I don’t normally do manga; my taste has moved away from comic books in general over the years, and manga is particularly hard for me to read, since it involves running against the (western) habit of reading left to right. Despite that, I spent yesterday checking out scanlations of R+V, to get an idea of whether or not the animÃ© was going to be worth a long-term commitment, or if it was going to be another GSNK.
The result? I’m kind of disappointed, but it’s still got some good parts. There’s some serious drama here, some clichÃ©s, some character development, some illogic, and so on. It’s very much a mixed bag, and there’s nobody to blame but the manga-ka, Ikeda Akihisa. I would describe him as a naive space cadet who thinks the whole world should be friends, at least based on a few notes he included with the story, the general tone and theme of the manga (friendship conquers all), and one specific storyline he wrote in response to a stabbing near where he lived. Now how much of his story is going to make it into the animÃ© is yet to be determined, but obviously they plan to get all four girls in, despite the fact that one of them shows up very late in the manga. If they bring her in early, it will require significant changes to the continuity, as when/how she gets involved is tied into things that not only haven’t happened yet, they’ve actually been either dropped or pushed back in the sequence. Personally, I believe it’s the latter, or there’s some serious violence done to the story. Which, for some aspects, might be a good idea. And that’s all I can say above the fold: I must warn you that I”m going to get into some discussion of story spoilers eventually: the good, the bad, and the amusing.
The “amusing” (non-spoiler) would be the fans of the manga; their reaction has been pretty negative, from what I’ve seen here and on a forum I lost the link to. Everyone seems upset that Gonzo upped the fanservice. Hmmm. Guys, are we reading the same manga? It’s more per chapter because the manga has fewer opportunities; it would have to be a panty shot every frame to equal in numbers what the animÃ© delivers. I will concede there is still a proportional increase, that the first glomping was a change, and the “upgrading” of alt-Moka’s bust and butt size. I will also say that I think the first was necessary if the show was going to get made, the second criticism may be correct, and I agree with the third change; I think the Manga-ka’s style of continuing to draw her with thin hips and bust is in error. (I originally wrote “bush”…Thank you Sigmund Freud.) There were scenes where I couldn’t tell for certain which Moka was present, until I saw the rosario was off. Furthermore, she looks more mature in the animÃ©; there is no question that alt-Moka is an adult, whereas in the manga, she still looks like a teen due to the skinnier appearance. Most amusing was a comment on the lost forum, indicating that Gonzo had ruined a serious romantic story. Much h8 for Gonzo!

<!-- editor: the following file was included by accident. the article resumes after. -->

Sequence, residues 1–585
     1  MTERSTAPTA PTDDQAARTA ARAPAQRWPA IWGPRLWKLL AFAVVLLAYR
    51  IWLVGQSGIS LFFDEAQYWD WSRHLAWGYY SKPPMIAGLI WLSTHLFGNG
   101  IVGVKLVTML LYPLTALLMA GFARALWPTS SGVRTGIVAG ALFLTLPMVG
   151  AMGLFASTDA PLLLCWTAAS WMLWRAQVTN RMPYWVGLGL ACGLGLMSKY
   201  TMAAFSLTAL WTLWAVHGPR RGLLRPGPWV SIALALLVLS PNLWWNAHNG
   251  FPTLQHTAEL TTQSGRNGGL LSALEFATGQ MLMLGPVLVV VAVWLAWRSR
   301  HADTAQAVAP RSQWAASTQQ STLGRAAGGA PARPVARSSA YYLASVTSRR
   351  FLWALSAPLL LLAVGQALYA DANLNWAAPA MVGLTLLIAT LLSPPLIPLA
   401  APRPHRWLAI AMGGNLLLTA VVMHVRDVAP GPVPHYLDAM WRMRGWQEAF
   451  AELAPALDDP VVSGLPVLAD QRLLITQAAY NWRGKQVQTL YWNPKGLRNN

Serious. Romantic. Story. Are you kidding me? This is a harem comedy! Whomever wrote that wouldn’t know serious romance if it bit him on the neck.
Now, having gotten past my snark, let’s dive below the fold and get into some spoilerific territory. While I avoid specifics, there are still plot spoilers galore, and not behind tags. You have been warned.
The good: I like the fourth girl, MizorÃ© the snow fairy; she’s actually my favorite, in terms of personality. (Kurumu still has my libido locked up.) Quiet, a bit shy, a loner, creepy, misunderstood… and crazy. Stalker-crazy. “Fairy” is actually a misnomer; she’s introduced as the icy equivalent of a Will o’wisp; one who lures men to their doom in snowstorms. Her motivations are a bit different; she’s a stalker-fan from reading Tskune’s articles in the school newspaper. She sees him as a kindred soul and tries to kidnap him. She eventually accepts that she’s not going to be able to as long as the other girls are around, but Mizore continues to stalk him at every opportunity; she is occasionally unnoticed, somewhere in the scene. She’s the least gregarious of the girls, and appears to have excellent stealth ability, though it’s not clear whether that is supernatural. Several times, no one sees Mizore until she speaks. (FYI, it’s a lolipop that she always has in her mouth.)